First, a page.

Our plan is to display the shawls at the show we put up at the Sedona Public Library. I’m using handspun. It’s yarn I’ve spun drafting two fibers together. I’m using a dyed merino braid that I bought in Illinois last year visiting family. Then the other fibers are white Polwarth, tan llama/wool/mohair, and a dark gray llama/alpaca/wool blend.
Also, I’ve been watching some rigid heddle DVDs and hoping to get my loom warped soon. I’ll use commercial yarn for the warp and handspun for the weft. The Saori philosophy really resonates with me, so I’ll be weaving random yarns.
And finally, I am chair of the group planning Arizona Fiber Arts Retreat, to be held in Prescott, AZ, January 20-23, 2021. This is now an RMLA event so you will be receiving details as they become available.
From Lynda Liptak, Albuquerque, NM
I sure enjoyed reading your notes; you inspired me to send out a story as well. Albuquerque is greening up now and the llamas are getting more playful. I love watching them cavort around and pronk and play king of the hill on a small mound we made. We have 11 llamas now with 7 being recent (since late November) rescues (wild and two came in pregnant) and they need all the time I can offer. My volunteers and I have done a lot of gentle handling. Two just went on their first walk with training packs; I am very proud of their progress and the work we have done with them. I decided to keep these two so they are getting extra attention. I also use Camelidynamics techniques with a little blend of my own style. I plan to watch Marty’s online classes to keep motivated. Am sorry we have to wait a year before she comes back to the Santa Fe area.
I will need to shear these newbies soon and that will be a fun trial especially for the females who are pregnant and I feel challenged to gain their trust.
I did put my hands on my old stash of alpaca fiber just yesterday only to surrender it to SWLR for Baxter to felt up blankets. She has a new felting machine to try out. I tried to cram 27 lbs. into one large microwave box by squeezing out all the air I could and managed to hold the box closed with gorilla tape (lots of it). I know vacuum bags work nicely to compress and are good moth protection for carded and spun yarn, but they are pricey enough for me to keep them for just storage.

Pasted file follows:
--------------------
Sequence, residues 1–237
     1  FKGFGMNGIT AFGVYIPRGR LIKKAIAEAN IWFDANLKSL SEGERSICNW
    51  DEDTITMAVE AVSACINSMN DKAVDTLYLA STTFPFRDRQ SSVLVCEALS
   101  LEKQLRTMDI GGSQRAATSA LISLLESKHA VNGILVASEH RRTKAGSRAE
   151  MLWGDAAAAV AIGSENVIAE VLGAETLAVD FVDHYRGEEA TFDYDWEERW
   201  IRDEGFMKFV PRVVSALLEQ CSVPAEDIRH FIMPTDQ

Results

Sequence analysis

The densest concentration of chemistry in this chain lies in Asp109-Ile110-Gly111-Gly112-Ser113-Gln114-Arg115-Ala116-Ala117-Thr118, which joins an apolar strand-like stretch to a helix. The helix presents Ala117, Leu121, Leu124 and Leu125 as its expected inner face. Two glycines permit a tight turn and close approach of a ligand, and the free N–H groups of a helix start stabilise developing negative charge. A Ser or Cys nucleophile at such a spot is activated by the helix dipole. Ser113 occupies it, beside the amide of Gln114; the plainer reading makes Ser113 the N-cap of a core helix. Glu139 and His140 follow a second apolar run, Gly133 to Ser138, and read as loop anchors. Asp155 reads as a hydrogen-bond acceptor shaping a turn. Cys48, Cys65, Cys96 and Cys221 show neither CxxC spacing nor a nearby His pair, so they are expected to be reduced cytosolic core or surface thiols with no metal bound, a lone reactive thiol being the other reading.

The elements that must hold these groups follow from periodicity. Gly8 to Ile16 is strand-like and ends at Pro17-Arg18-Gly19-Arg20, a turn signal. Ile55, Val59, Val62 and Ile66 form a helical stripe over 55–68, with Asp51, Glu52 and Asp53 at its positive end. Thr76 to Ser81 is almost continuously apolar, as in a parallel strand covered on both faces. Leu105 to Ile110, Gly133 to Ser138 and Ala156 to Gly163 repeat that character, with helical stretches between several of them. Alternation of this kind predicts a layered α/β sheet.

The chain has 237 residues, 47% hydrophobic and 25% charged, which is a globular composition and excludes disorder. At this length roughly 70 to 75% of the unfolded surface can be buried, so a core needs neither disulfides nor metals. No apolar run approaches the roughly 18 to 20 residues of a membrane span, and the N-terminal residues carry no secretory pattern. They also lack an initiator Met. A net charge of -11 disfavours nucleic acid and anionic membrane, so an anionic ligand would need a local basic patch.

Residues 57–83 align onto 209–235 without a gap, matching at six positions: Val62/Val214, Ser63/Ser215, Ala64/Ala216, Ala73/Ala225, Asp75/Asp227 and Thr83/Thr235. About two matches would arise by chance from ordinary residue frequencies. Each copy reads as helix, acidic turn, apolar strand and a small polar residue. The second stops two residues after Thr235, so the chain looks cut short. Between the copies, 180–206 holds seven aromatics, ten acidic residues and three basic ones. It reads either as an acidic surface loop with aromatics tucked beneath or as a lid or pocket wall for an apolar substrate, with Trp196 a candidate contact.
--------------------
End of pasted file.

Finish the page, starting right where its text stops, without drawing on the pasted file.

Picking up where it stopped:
SWLR is a great cause I am happy to donate my precious fiber to and I need to recognize that I can’t get to everything I want to.
My daughter came in from San Francisco just before the city lock down and we quarantined together at home here in Albuquerque. She wanted to do a knitting project for her baby and my first grandchild! We knit up a couple of beautiful baby bibs (yes with wool - not cotton, although spinning cotton is fun too when I get a clean stash fresh from the field in Las Cruces, NM). They came out lovely. I had to start out with something simple before I do the baby sweater since I am a part time knitting practitioner with low end skill. I have so much handspun from past years my focus is to move it from hanging on my pegboard looking colorful to getting it on a body looking more gorgeous and useful.
From Kathy Stanko, Whitewater, CO
Our llamas are sheared! And during this process using scissors, electric clippers, and a lot of patience we now have many ‘naked’ legs! Still more ‘leg mats’ in my future but I will get there and soon the llamas’ legs will be mat-free.
I have been knitting shawlettes. These are not full-length shawls as I do not have the patience for that. Shawlette is smaller, more like a summer evening should wrap. Prior to this adventure, I had not knitted a triangle shawl. Once I got the hang of how you start one: creating a knitted tab of sorts at the top from which the entire thing grows before your very eyes. I am still learning about keeping my tension loose so the whole thing flows. The one in the photo has several rows of beaded yarn around the bottom. In the center, from top to bottom is about 16 inches. Please ignore the loose yarn that has not been tied off yet; a small detail that I put off until the very, very last possible moment.